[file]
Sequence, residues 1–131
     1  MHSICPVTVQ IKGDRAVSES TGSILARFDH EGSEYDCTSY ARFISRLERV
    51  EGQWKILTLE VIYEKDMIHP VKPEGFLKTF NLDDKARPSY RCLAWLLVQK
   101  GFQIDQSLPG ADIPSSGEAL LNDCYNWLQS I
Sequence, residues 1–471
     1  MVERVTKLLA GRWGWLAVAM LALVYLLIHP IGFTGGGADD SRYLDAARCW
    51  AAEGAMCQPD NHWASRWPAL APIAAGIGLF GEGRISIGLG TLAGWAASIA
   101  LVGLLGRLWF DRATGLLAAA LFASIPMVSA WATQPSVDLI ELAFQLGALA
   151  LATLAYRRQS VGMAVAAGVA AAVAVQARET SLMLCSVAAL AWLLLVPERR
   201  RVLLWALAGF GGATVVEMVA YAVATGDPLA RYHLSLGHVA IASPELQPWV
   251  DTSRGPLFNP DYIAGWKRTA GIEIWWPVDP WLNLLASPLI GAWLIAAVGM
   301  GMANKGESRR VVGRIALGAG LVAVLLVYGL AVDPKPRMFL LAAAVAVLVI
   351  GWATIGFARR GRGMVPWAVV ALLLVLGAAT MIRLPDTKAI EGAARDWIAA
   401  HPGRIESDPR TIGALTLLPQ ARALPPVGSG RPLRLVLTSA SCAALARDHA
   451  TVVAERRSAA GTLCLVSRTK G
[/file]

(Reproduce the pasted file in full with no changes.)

Sequence, residues 1–131
     1  MHSICPVTVQ IKGDRAVSES TGSILARFDH EGSEYDCTSY ARFISRLERV
    51  EGQWKILTLE VIYEKDMIHP VKPEGFLKTF NLDDKARPSY RCLAWLLVQK
   101  GFQIDQSLPG ADIPSSGEAL LNDCYNWLQS I
Sequence, residues 1–471
     1  MVERVTKLLA GRWGWLAVAM LALVYLLIHP IGFTGGGADD SRYLDAARCW
    51  AAEGAMCQPD NHWASRWPAL APIAAGIGLF GEGRISIGLG TLAGWAASIA
   101  LVGLLGRLWF DRATGLLAAA LFASIPMVSA WATQPSVDLI ELAFQLGALA
   151  LATLAYRRQS VGMAVAAGVA AAVAVQARET SLMLCSVAAL AWLLLVPERR
   201  RVLLWALAGF GGATVVEMVA YAVATGDPLA RYHLSLGHVA IASPELQPWV
   251  DTSRGPLFNP DYIAGWKRTA GIEIWWPVDP WLNLLASPLI GAWLIAAVGM
   301  GMANKGESRR VVGRIALGAG LVAVLLVYGL AVDPKPRMFL LAAAVAVLVI
   351  GWATIGFARR GRGMVPWAVV ALLLVLGAAT MIRLPDTKAI EGAARDWIAA
   401  HPGRIESDPR TIGALTLLPQ ARALPPVGSG RPLRLVLTSA SCAALARDHA
   451  TVVAERRSAA GTLCLVSRTK G